WikiLeaks’ Latest Move Stretches Legal, Security Limits


WikiLeaks, the online whistleblower, is growing ever more daring. Three days after signing a deal with Piratpartiet, the Swedish pirate-friendly political party, it’s put up a password-protected, encrypted file on its site that anyone can download–or host. Until the password is entered, however, it’s unreadable. All of this is very WikiLeaks–mysterious, slightly threatening–and, according to the editor of 2600 The Hacker Quarterly, could pose a serious challenge to the legal system.

“If you release it in encrypted form, nobody really knows if you’ve released it or not, or even what the material is,” Emmanuel Goldstein told the BBC. “Then, if something happens to you, all it takes is the revelation of a simple, spoken phrase known by a select group of people and everyone who has this mystery file now has all of the secrets.”

While it’s obviously bad news for the world’s governments, military, and security agencies, it can only be good news for Julian Assange, the website’s badger-haired frontman, as the file–named “straw-glass-and-bottle”–is, without doubt, a form of life insurance for him. It’s been encrypted using the AES256 algorithm, too tough even for U.S. intelligence to break. As yet, no one knows what it is, or whether it is a merely a dummy file, or a genuine sword of Damocles for the military.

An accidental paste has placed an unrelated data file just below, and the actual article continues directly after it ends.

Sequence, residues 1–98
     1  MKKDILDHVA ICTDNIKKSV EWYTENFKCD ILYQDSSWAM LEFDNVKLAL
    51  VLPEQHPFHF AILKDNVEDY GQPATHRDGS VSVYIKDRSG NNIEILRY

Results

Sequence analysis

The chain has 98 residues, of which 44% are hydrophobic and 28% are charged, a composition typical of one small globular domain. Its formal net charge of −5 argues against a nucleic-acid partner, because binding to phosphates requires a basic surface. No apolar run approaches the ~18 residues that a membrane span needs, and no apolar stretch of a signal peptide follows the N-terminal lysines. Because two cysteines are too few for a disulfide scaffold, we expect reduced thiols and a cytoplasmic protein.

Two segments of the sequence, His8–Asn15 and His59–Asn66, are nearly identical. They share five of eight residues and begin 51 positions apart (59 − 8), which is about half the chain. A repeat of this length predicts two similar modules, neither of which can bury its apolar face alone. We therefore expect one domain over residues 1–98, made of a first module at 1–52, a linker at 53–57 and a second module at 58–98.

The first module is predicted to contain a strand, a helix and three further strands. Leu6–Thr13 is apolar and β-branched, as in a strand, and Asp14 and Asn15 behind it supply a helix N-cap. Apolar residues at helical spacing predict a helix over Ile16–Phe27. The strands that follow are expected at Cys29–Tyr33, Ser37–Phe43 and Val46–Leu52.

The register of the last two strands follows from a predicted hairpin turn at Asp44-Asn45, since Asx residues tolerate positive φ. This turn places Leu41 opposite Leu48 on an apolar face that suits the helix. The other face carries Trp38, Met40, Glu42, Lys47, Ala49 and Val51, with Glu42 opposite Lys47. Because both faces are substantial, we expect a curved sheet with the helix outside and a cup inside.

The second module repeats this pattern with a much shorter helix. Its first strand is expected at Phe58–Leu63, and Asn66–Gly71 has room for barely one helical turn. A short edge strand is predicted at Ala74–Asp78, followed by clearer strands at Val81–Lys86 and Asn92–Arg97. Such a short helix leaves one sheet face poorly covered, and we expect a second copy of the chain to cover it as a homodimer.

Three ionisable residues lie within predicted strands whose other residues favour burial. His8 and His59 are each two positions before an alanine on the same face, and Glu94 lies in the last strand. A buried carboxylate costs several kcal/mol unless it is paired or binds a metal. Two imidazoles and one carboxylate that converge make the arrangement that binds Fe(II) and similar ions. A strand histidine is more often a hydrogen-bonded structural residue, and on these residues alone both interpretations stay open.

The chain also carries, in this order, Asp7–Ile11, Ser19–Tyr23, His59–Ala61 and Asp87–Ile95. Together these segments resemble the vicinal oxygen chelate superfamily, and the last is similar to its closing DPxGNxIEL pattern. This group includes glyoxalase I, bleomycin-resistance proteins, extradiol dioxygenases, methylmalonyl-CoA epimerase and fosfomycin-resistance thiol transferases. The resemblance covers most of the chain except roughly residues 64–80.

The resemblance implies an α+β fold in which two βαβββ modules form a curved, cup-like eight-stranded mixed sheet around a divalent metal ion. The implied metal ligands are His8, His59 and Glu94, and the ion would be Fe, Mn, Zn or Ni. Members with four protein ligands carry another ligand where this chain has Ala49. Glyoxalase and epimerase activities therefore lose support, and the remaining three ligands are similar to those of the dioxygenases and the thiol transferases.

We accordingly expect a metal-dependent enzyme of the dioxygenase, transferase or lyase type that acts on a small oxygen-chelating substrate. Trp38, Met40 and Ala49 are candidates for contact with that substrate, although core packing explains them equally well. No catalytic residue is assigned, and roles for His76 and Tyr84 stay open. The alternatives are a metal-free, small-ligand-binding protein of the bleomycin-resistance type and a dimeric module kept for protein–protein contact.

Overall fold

The massive tranche of logs that were leaked last month has been turned into an infographic by team of students for the New York hackathon last month. It shows a visualization of the documents as a heat map of Afghanistan, showing where the incidents took place. The quartet behind the video are described by ReadWriteWeb as “hackademics,” and the incidents documented in the leak are depicted as a heat map of Afghanistan–the more incidents in a location each month, the more intense the color.AD